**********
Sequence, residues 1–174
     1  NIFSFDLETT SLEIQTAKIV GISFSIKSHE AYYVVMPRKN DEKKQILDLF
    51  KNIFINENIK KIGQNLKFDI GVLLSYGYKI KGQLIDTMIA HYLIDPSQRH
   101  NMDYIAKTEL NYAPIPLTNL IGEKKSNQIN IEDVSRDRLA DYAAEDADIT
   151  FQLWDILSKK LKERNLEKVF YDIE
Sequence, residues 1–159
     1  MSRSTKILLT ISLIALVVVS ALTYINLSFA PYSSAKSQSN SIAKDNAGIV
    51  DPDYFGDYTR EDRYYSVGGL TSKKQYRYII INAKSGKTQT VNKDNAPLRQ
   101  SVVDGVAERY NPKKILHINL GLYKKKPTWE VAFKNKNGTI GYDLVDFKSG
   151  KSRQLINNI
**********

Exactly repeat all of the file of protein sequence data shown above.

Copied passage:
Sequence, residues 1–174
     1  NIFSFDLETT SLEIQTAKIV GISFSIKSHE AYYVVMPRKN DEKKQILDLF
    51  KNIFINENIK KIGQNLKFDI GVLLSYGYKI KGQLIDTMIA HYLIDPSQRH
   101  NMDYIAKTEL NYAPIPLTNL IGEKKSNQIN IEDVSRDRLA DYAAEDADIT
   151  FQLWDILSKK LKERNLEKVF YDIE
Sequence, residues 1–159
     1  MSRSTKILLT ISLIALVVVS ALTYINLSFA PYSSAKSQSN SIAKDNAGIV
    51  DPDYFGDYTR EDRYYSVGGL TSKKQYRYII INAKSGKTQT VNKDNAPLRQ
   101  SVVDGVAERY NPKKILHINL GLYKKKPTWE VAFKNKNGTI GYDLVDFKSG
   151  KSRQLINNI